Even with an express provision of the law exempting petitioner from R.A. No. 6758, the same does not free it from the directives of P.D. No. 1597. The Court's explanation in Pulido-Tan, citing Intia, Jr. v. Commission on Audit,[54] applies squarely. In disallowing certain salaries and allowances granted by the PCSO, also a GOCC, absent presidential approval, the Court reasoned in this manner:

Even if it is assumed that there is an explicit provision exempting the PCSO from the OCPC rules, the power of the Board to fix the salaries and determine the reasonable allowances, bonuses and other incentives was still subject to the DBM review. In Intia, Jr. v. COA, the Court stressed that the discretion of the Board of Philippine Postal Corporation on the matter of personnel compensation is not absolute as the same must be exercised in accordance with the standard laid down by law, i.e., its compensation system, including the allowances granted by the Board, must strictly conform with that provided for other government agencies under R.A. No. 6758 in relation to the General Appropriations Act. To ensure such compliance, the resolutions of the Board affecting such matters should first be reviewed and approved by the DBM pursuant to Section 6 of P.D. No. 1597. x x x[55]

In Philippine Retirement Authority (PRA) v. Buñag,[56] this Court later affirmed the ruling in Intia and PCSO. Although the PRA, as a GOCC, was granted the power and authority to "establish, fix, review, revise[,] and adjust" the compensation scheme of its officers and employees under its charter, the same should still be read in conjunction with P.D. No. 985, as amended by P.D. No. 1597:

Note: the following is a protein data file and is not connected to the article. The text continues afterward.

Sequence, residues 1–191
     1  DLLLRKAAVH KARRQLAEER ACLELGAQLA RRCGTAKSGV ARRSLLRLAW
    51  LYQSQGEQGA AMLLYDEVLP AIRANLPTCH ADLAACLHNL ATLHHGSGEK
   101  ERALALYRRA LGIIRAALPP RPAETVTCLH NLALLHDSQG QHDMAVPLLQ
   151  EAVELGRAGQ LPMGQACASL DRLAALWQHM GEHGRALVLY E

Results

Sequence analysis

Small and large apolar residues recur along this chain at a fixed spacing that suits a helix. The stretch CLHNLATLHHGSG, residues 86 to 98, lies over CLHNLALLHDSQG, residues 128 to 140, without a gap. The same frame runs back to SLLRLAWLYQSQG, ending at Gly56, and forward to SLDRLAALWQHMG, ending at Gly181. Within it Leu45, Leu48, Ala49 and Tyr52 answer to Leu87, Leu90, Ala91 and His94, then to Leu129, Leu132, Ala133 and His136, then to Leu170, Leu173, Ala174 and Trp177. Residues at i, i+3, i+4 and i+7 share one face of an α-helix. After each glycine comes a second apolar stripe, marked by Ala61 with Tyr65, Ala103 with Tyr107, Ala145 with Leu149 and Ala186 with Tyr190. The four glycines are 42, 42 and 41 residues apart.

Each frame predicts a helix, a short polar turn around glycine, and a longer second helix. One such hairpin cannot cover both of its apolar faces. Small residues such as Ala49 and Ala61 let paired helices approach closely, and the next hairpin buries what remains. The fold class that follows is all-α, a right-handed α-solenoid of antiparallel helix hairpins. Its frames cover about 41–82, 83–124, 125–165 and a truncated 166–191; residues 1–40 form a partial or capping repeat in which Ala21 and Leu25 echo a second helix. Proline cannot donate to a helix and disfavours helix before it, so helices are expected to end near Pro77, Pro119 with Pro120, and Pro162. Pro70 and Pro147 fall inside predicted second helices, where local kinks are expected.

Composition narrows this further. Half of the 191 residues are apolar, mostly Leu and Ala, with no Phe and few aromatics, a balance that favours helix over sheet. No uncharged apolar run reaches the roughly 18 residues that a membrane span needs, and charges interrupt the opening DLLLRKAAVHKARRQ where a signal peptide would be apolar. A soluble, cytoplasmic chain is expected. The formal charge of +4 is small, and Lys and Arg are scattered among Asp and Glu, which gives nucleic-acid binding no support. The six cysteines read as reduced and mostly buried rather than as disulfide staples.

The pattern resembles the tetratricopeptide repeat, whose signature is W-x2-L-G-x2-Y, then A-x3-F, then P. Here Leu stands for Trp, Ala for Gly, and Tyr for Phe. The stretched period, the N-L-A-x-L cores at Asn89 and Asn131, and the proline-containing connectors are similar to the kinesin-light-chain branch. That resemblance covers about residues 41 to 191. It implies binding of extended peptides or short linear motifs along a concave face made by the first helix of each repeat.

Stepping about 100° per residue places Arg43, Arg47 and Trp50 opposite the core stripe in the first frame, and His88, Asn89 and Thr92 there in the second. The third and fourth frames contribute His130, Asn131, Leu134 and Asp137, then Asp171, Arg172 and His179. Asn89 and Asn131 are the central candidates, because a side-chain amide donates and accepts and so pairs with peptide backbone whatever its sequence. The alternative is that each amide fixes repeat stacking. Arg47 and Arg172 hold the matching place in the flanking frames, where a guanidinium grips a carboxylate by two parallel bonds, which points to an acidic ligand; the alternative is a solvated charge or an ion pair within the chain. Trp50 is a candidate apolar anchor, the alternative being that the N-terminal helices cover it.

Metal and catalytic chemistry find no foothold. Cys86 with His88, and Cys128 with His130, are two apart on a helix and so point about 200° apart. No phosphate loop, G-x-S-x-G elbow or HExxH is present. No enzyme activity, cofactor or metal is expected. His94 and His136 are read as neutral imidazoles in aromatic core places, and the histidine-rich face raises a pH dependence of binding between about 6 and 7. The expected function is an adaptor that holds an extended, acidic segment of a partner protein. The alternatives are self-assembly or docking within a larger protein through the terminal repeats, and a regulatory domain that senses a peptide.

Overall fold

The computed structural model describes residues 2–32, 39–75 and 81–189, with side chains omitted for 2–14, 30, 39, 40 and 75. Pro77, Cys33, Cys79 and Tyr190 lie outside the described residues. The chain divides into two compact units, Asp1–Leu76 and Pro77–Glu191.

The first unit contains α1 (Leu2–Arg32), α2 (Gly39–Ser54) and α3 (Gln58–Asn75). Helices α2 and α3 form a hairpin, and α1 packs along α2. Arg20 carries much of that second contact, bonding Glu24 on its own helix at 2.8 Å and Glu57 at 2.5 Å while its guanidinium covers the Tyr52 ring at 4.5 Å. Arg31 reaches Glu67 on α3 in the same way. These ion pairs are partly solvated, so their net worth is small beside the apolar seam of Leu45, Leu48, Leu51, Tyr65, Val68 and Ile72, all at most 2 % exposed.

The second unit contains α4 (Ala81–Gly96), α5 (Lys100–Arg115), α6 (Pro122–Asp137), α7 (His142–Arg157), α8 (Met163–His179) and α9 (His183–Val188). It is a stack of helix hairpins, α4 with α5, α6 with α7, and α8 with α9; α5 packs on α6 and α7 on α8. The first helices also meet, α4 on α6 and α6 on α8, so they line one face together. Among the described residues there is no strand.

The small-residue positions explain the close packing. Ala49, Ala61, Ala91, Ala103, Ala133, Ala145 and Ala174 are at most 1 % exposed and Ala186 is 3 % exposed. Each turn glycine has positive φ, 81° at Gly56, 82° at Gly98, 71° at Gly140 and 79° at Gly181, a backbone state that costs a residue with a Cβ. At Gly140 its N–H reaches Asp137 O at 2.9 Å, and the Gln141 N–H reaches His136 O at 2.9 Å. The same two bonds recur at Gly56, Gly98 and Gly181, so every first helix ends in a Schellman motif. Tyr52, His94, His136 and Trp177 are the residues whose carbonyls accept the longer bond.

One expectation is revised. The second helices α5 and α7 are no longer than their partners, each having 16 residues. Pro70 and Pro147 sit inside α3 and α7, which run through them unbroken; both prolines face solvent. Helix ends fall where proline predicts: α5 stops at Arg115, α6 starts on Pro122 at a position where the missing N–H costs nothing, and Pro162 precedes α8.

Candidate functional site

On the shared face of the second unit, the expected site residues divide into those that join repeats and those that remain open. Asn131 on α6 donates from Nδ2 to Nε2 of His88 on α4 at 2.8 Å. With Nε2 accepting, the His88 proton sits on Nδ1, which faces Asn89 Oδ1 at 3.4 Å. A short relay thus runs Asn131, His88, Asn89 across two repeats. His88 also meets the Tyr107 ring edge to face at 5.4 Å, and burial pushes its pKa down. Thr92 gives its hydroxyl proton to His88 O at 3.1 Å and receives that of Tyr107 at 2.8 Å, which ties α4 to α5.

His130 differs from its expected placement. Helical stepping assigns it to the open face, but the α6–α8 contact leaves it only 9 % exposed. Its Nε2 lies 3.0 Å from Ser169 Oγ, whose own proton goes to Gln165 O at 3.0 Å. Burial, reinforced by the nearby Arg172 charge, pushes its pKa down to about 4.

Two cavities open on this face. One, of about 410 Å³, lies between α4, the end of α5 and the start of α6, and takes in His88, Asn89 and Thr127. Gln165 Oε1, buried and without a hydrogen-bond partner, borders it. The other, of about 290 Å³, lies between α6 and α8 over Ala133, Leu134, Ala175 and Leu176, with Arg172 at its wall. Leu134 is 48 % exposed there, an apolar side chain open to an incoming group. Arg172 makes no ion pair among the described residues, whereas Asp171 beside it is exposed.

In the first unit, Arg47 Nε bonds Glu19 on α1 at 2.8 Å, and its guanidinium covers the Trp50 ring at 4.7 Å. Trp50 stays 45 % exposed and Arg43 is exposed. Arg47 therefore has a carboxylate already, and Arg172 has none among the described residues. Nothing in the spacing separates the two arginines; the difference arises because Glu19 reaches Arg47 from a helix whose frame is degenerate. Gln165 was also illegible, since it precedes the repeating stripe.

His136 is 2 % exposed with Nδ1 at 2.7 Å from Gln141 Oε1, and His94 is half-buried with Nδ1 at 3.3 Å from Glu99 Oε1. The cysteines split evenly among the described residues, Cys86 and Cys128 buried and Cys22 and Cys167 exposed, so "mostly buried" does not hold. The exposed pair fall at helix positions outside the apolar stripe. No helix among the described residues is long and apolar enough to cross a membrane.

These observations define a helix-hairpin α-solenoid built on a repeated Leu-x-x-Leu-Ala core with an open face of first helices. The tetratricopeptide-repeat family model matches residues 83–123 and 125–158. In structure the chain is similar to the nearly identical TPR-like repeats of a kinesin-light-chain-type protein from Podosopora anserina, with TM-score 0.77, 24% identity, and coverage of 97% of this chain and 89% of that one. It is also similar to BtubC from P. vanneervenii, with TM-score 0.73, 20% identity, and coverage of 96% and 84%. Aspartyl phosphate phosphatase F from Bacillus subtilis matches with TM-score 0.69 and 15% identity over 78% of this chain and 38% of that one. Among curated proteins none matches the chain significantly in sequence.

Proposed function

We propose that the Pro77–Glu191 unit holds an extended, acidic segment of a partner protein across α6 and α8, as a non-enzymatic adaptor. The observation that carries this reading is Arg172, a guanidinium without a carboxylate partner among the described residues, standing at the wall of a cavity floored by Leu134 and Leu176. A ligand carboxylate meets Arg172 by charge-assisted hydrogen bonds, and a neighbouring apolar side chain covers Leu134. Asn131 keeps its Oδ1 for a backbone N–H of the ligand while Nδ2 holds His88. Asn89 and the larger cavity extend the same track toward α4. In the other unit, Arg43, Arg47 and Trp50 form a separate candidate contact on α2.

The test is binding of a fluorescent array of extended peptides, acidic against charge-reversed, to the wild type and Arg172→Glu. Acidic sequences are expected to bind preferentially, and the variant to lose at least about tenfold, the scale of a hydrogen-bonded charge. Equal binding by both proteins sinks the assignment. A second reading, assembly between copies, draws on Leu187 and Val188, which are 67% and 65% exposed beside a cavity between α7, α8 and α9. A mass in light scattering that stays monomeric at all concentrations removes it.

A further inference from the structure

In accordance with the ruling of this Court in Intia, we agree with petitioner PRA that these provisions should be read together with P.D. No. 985 and P.D. No. 1597, particularly Section 6 of P.D. No. 1597. Thus, notwithstanding exemptions from the authority of the Office of Compensation and Position Classification granted to PRA under its charter, PRA is still required to 1) observe the policies and guidelines issued by the President with respect to position classification, salary rates, levels of allowances, project and other honoraria, overtime rates, and other forms of compensation and fringe benefits and 2) report to the President, through the Budget Commission, on their position classification and compensation plans, policies, rates and other related details following such specifications as may be prescribed by the President.